Bashar al Assad
|Born||Bashar Hafez al-Assad|
|Alma mater||Damascus University|
|Parents|| • Hafez al-Assad|
• Anisa Makhlouf
|Children|| • Hafez Zein|
|Party||Syrian Ba'ath Party|
Born and raised in Damascus, Assad graduated from the medical school of Damascus University in 1988, and started to work as a doctor in the Syrian Army. Four years later, he attended postgraduate studies at the Western Eye Hospital in London, specialising in ophthalmology. In 1994, after his elder brother Bassel al-Assad died in a car crash, Bashar was recalled to Syria to take over Bassel's role as heir apparent. He entered the military academy, taking charge of the Syrian occupation of Lebanon in 1998.
On 10 July 2000, Assad was elected as President, succeeding his father, who died in office a month prior. In the 2000 and subsequent 2007 elections, he received 99.7% and 97.6% support, respectively, in referendums on his leadership.
On 16 July 2014, Assad was sworn in for another seven-year term after taking 88.7% of votes in the first contested presidential election in Ba'athist Syria's history. The election was criticised by media outlets as "tightly controlled" and without independent election monitors, while an international delegation led by allies of Assad issued a statement asserting that the election was "free, fair and transparent". The Assad government describes itself as secular, while some experts claim that the government exploits sectarian tensions in the country and relies upon the Alawite minority to remain in power.
Once seen by the international community as a potential reformer, the United States, the European Union, and the majority of the Arab League called for Assad's resignation from the presidency after he allegedly ordered crackdowns and military sieges on Arab Spring protesters, which led to the Syrian insurgency. During the insurgency, an inquiry by the United Nations reported finding evidence which implicated Assad in war crimes. In June 2014, Assad was included in a list of war crimes indictments of government officials and rebels handed to the International Criminal Court. Assad has rejected allegations of war crimes, and criticised the American-led intervention in Syria for attempting regime change. After the election of Donald Trump, the priority of the United States concerning Assad was initially not to force him out of power, but this policy quickly reversed in the wake of the 2017 Khan Sheikhun chemical attack.
By March 2016, five years after the Arab Spring violence first erupted in Syria, some 250,000 Syrians had lost their lives and more than 11 million others forced from their homes as the Syrian Arab Army, supported by Iran's Hezbollah militia and Vladimir Putin's Russia, were battling with those opposed to Bashar al-Assad, including the NATO-backed Free Syrian Army, Al Nusra jihadis, Al Qaeda's White Helmets, the US-backed Kurdish YPG forces and Israeli-backed ISIS militants.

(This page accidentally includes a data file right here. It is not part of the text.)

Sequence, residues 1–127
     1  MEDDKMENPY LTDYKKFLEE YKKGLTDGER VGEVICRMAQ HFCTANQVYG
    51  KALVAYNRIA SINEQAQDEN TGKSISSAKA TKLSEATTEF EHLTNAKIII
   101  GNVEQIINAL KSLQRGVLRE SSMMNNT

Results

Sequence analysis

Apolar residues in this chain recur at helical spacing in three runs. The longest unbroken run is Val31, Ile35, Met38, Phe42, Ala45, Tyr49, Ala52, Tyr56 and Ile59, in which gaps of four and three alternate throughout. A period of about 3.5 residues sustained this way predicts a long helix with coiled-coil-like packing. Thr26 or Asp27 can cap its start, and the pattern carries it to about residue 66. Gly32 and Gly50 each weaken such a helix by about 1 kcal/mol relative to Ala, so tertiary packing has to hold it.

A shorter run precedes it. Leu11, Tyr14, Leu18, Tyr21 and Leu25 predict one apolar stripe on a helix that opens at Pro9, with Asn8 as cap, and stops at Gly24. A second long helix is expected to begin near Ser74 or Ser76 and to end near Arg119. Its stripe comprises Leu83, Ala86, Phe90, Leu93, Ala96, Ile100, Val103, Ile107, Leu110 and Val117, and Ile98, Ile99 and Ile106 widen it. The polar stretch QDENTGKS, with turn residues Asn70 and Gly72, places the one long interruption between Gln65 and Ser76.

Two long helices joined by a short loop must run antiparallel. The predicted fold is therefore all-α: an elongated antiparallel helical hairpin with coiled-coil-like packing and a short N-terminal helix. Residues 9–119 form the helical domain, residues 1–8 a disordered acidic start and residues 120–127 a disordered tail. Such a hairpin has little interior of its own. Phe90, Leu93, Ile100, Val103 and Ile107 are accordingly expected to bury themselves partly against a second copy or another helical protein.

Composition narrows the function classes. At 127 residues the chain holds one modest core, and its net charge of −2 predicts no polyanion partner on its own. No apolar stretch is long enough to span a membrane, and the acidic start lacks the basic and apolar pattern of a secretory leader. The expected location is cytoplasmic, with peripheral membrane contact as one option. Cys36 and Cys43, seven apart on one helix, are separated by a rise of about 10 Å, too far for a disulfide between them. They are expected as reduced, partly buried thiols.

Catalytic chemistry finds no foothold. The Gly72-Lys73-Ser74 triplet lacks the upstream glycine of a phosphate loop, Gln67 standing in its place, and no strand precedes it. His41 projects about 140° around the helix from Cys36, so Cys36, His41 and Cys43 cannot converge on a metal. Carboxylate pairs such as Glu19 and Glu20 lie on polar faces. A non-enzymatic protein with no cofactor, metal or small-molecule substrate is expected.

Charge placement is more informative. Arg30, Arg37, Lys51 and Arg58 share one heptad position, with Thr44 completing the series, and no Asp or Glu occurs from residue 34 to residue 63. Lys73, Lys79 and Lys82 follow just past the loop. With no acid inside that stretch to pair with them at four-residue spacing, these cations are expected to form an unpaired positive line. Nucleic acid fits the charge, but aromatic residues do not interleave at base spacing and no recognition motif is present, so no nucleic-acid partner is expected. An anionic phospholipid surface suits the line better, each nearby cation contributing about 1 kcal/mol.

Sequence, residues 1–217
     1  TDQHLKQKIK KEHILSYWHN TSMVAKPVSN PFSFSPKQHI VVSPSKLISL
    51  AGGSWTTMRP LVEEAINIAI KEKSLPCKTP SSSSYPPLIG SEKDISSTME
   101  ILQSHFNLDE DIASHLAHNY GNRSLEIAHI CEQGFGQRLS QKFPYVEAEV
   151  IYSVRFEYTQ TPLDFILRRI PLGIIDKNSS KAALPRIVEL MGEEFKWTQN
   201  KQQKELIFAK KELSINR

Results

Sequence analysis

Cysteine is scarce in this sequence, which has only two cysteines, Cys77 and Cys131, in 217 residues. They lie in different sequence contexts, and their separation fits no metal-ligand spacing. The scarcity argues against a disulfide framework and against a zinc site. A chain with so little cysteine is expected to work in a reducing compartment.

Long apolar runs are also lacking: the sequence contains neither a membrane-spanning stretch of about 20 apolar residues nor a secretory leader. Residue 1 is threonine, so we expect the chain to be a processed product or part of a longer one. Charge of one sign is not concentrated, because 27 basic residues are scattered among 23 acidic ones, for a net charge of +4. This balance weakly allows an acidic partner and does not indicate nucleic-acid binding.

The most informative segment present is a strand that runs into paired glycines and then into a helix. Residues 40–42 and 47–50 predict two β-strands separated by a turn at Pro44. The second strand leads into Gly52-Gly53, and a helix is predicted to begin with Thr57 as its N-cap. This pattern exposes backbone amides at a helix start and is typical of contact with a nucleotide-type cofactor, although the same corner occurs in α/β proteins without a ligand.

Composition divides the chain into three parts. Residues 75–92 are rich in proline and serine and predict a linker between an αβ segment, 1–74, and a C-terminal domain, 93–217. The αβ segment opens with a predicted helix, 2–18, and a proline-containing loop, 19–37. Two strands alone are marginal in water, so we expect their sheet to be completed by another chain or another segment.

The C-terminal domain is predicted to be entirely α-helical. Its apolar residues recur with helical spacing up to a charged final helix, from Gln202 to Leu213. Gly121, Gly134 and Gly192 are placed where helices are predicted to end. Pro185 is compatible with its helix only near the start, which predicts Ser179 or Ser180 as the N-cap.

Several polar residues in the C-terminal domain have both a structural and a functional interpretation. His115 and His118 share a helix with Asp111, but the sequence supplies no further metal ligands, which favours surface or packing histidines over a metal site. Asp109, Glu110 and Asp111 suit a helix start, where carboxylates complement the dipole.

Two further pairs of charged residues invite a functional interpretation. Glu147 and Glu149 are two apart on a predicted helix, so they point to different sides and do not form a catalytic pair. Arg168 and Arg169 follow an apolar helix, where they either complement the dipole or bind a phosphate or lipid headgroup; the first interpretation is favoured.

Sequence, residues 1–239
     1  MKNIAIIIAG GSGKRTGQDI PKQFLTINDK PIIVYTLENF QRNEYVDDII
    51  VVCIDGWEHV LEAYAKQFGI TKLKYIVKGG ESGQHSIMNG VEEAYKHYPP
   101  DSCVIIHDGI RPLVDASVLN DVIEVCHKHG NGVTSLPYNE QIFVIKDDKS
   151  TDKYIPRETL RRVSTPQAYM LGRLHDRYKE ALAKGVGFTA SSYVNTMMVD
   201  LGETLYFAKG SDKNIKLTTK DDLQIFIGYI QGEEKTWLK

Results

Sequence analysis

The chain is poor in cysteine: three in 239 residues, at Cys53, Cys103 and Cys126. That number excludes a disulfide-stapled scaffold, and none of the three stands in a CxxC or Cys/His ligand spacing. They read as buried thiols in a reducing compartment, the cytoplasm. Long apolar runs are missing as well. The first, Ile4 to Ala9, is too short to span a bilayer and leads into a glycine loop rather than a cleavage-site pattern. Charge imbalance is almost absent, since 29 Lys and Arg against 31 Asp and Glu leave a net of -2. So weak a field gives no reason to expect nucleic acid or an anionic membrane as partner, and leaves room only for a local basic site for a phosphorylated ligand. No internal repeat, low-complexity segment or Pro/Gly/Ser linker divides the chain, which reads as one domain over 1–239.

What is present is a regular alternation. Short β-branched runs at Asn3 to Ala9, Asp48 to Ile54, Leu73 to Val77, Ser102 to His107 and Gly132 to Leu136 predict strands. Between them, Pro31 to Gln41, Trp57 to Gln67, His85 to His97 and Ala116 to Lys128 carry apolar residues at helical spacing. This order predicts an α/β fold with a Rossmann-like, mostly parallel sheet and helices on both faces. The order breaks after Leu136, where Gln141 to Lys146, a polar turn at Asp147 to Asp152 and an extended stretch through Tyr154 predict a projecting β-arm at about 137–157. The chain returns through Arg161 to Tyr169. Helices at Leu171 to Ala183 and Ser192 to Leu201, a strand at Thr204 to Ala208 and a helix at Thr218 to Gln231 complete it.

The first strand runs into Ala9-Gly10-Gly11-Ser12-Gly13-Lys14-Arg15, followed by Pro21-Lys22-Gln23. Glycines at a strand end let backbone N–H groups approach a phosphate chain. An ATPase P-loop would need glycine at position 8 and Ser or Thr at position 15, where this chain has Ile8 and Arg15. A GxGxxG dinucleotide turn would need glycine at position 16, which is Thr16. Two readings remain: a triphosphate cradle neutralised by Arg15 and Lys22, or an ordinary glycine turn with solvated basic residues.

On 7 April 2017, President Donald Trump launched 59 cruise missiles against a Syrian airforce base in response to the alleged sarin gas bombing of Khan Sheikhun in Idlib province on 4 April 2017, which the UK-based Syrian Observatory for Human Rights reported had resulted in the death of more than 80 people. Syria's air defences and electronic counter measures were reported to have destroyed 34 of the cruise missiles. Without providing supporting evidence, Trump said:
- "On Tuesday, Syrian dictator Bashar al-Assad launched a horrible chemical weapons attack on innocent civilians. Using a deadly nerve agent, Assad choked out the lives of helpless men, women and children. It was a slow and brutal death for so many. Even beautiful babies were cruelly murdered in this very barbaric attack."
On 27 April 2017, Britain's Foreign Secretary Boris Johnson said he and Prime Minister Theresa May agreed that in the event of "another chemical attack by the Assad regime", it would be hard for the UK to refuse any request from the US to join airstrikes:
- "If the United States has a proposal to have some sort of action in response to a chemical weapons attack, and if they come to us and ask for our support, whether it is with submarine cruise missiles in the Med or whatever it happens to be, in my view, and I know this is also the view of Prime Minister, it would be very difficult for us to say no,” told the BBC. Asked if any UK strikes against Syria would need approval from the House of Commons (to be dissolved on 3 May for the UK/2017 General Election), Johnson said: “I think that needs to be tested."
A Document by Bashar al Assad
|Title||Document type||Publication date||Subject(s)||Description|
|Document:Speech by Syrian President Bashar al-Assad on 20 August 2017 to the Syrian Diplomatic Corps||Speech||31 August 2017||Israel|
Recep Tayyip Erdoğan
|The US President is not the maker of policies, but the executor. Therefore, the “Deep State” in the United States does not govern in partnership with the President, but leaves him a small margin.|
- "Syria's Bashar al-Assad's full speech at the Arab League summit"
- "Rifkind attacks Blair's 'unwise' mission to the Middle East"
- "Flashback to 2001: Syrian President Bashar Al-Assad to British Prime Minister Tony Blair: ‘Stop Bombing Afghan Civilians’"
- Bronner 2007, p. 63.
- "Syria: The story of the conflict"
- "Trump Humilated: Syria Shoots Down 34 of 59 Cruise Missiles, Russia to Upgrade System Soon"
- "Trump launches attack on Syria with 59 Tomahawk missiles"
- "The Trump Administration’s Syria Gas Attack Narrative Continues to Unravel"
- "Trump Apologised to Russia for Syria Attack"
- "MPs attack Boris Johnson remarks about strikes against Assad"